Income, Diet, Alzheimer’s

Alzheimer’s disease begins decades before first symptoms appear. There is no cure for this devastating neurodegenerative disease. In such situation modification of modifiable risk factors many years before disease begins is only rational strategy for reducing the impact of this disease on society. The question appears what can be modified? It is clear now that in order to slow down the course of the disease three types of activity: mental, physical and social along with healthy diet are necessary. How early should we start prophylaxis? In our paper entitled “Correlation of Alzheimer’s disease death rates with historical per capita personal income in the USA” authored by Stępkowski D., Woźniak G., Studnicki M. PLOS One 2015 (on the blog) we found that early periods of life are the most important for the susceptibility to this disease in late age. The susceptibility depends on per capita income, a rough measure of healthiness of a life style. We found that people in higher income groups are less sensitive to this disease. It can be explained by better life style including diet. It means that these social groups are more likely to adapt all the mentioned activities and they also most probably have higher educational attainment and therefore build so called “cognitive reserve” not mention healthier diet. Cognitive reserve is our capital for late age. In our second paper by Studnicki M., Woźniak G., Stępkowski D. entitled “The Calculator of Anti-Alzheimer’s Diet. Macronutrients” PLOS One 2016 (also on the blog) we calculated the macronutrient content of a diet which would be a prophylactic solution for Alzheimer’s. This predicted diet is specific for a period of life and different for youth, early midlife, late midlife and late age. Specifically we predict for late age higher total fat intake, less protein and carbohydrates intake than the American population have eaten. For exact values I refer the reader to the original paper. One can ask what can be the effect of shifting the consumption to these predicted diets. It has been calculated that modifiable risk factors account for about one third of Alzheimer’s Disease cases. So we can expect that effect of diet will be contained in these 33%. With 5 million cases of Alzheimer’s in the USA reducing new cases by one third would have very important positive impact on the society.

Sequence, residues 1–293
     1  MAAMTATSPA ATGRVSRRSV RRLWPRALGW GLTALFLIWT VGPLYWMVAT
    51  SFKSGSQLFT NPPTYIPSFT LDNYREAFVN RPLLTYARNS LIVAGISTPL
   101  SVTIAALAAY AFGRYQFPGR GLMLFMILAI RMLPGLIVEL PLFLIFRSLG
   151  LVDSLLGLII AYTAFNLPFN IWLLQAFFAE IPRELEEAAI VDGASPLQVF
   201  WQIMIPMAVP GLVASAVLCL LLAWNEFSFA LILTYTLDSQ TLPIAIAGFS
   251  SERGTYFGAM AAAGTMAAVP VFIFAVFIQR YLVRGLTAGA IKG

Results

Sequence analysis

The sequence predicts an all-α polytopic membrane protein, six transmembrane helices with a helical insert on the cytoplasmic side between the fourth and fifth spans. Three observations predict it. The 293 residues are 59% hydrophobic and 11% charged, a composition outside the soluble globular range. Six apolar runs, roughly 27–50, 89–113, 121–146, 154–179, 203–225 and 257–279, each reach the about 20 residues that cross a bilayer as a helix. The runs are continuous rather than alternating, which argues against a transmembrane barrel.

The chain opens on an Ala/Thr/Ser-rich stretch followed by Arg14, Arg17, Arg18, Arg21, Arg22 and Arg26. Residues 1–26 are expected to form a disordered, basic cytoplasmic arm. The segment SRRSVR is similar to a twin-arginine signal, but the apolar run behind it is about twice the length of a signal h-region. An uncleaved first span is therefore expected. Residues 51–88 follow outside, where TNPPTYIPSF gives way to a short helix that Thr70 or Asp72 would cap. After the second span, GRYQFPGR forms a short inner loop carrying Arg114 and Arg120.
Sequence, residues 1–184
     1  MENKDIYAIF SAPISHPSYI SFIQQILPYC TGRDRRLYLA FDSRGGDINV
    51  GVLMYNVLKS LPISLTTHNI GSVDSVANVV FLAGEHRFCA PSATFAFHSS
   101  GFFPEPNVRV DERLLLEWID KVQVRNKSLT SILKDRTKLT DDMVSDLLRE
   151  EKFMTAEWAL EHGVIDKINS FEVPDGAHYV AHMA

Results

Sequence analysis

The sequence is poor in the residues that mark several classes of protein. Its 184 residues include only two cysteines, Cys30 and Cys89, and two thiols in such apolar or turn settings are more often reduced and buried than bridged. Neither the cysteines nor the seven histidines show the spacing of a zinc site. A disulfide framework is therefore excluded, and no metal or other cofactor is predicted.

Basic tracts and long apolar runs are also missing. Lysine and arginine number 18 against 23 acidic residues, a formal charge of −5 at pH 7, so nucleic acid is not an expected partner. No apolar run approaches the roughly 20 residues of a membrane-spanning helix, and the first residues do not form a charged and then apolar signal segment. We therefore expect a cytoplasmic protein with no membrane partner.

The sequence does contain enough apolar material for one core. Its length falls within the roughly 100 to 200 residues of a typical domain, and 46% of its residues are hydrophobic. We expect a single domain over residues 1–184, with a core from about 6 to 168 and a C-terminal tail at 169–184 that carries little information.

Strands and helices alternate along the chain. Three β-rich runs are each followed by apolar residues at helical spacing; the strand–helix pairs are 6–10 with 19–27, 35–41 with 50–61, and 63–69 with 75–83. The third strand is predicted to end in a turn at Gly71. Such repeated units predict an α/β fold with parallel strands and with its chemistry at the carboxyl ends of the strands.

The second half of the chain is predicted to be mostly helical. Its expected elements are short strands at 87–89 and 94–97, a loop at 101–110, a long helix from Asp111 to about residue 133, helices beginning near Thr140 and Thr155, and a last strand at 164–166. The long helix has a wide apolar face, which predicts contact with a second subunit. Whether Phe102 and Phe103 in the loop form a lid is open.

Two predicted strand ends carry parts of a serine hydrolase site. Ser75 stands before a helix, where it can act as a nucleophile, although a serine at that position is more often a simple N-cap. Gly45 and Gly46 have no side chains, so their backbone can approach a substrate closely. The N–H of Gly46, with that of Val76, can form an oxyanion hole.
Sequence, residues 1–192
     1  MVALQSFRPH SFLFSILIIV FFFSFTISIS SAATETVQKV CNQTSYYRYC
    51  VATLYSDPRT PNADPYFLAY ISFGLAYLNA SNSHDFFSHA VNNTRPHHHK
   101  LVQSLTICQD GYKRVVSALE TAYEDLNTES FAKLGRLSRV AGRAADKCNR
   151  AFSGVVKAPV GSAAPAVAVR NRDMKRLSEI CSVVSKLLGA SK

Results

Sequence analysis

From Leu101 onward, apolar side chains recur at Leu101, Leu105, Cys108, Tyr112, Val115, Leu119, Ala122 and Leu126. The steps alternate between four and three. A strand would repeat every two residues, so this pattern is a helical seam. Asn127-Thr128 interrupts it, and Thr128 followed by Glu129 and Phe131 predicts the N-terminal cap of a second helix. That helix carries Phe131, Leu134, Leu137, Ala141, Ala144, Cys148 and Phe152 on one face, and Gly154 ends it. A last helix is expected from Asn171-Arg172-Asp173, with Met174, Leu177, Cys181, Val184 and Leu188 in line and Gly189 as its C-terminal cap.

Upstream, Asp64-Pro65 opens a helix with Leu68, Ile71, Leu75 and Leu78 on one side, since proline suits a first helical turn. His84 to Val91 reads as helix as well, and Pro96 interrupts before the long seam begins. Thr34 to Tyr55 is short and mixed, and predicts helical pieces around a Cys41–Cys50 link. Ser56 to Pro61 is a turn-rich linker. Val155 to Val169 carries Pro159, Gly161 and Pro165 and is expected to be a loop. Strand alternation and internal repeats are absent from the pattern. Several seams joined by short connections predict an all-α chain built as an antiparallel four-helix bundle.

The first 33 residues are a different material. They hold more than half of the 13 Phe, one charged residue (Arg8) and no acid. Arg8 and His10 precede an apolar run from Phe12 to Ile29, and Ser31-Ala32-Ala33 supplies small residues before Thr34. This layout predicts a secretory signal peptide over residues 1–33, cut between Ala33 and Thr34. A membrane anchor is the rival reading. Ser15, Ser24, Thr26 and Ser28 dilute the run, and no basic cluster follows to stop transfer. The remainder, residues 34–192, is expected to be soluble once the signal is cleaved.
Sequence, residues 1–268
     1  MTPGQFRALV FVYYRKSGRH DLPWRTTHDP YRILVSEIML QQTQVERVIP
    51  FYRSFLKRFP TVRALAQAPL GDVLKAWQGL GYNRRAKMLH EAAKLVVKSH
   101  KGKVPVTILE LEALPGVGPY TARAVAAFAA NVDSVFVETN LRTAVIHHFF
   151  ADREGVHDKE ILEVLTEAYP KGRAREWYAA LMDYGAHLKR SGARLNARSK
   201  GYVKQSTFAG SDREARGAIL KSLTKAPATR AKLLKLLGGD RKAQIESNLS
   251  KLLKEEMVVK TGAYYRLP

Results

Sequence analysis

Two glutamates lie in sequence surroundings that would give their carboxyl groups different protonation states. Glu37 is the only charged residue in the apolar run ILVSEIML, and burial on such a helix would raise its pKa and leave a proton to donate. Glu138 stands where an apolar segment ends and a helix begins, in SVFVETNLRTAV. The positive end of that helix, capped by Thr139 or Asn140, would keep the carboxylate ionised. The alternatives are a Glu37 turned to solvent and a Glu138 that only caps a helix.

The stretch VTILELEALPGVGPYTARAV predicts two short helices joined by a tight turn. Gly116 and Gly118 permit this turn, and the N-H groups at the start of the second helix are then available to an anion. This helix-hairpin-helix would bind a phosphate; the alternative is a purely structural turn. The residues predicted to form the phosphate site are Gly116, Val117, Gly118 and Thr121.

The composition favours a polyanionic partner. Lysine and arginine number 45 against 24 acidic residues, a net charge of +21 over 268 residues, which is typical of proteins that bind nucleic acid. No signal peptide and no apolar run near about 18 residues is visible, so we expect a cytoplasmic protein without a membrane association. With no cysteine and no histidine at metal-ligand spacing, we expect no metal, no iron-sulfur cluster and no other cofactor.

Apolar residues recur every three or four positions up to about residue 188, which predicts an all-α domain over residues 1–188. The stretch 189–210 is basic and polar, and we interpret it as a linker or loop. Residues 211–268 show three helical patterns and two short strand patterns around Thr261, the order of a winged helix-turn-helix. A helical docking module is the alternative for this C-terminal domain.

Dariusz Stępkowski

Leaflet from Alzheimer Society Canada

You can do something to lower the risk no matter your age.  Making simple lifestyle changes may help reduce your risk of Alzheimer’s disease. On top of that, they help maintain good brain health as you age and help you reduce your risk of other diseases too!
Whether you’re living with dementia or interested in prevention, here are 5 ways to be good to your brain:
#1. Challenge yourself

“I decided to be proactive about my health after my diagnosis. I took up archery because it requires a lot of focus and concentration. It helps with hand-eye coordination and keeps my mind sharp.”
– Phyllis Fehr, living with Alzheimer’s

Challenging your mind can improve your brain health by helping it to maintain connections and even build new ones. Studies show that keeping your brain active can help reduce your risk of dementia. Stimulate your brain >

#2. Be socially active

“After my diagnosis, I realized the healthiest thing for me was to live life to the fullest. I still love making greeting cards, collecting recipes, reading, and attending dances and events. Getting out and staying socialized is so important for people with dementia.”– Bea Kraayenhof, living with frontotemporal dementia

Staying social helps you stay connected mentally. Research shows that regularly interacting with others may help reduce your risk of dementia. Social activity also helps people with dementia to continue to engage and feel fulfilled, improving their quality of life. Stay social >

#3. Follow a healthy diet

“As a busy mom of two, it’s important that my family eats nutritious meals and that I do too. I bring my lunch to work each day along with one of my favourite snacks –plain yogurt and granola – to beat that mid-afternoon sugar craving.”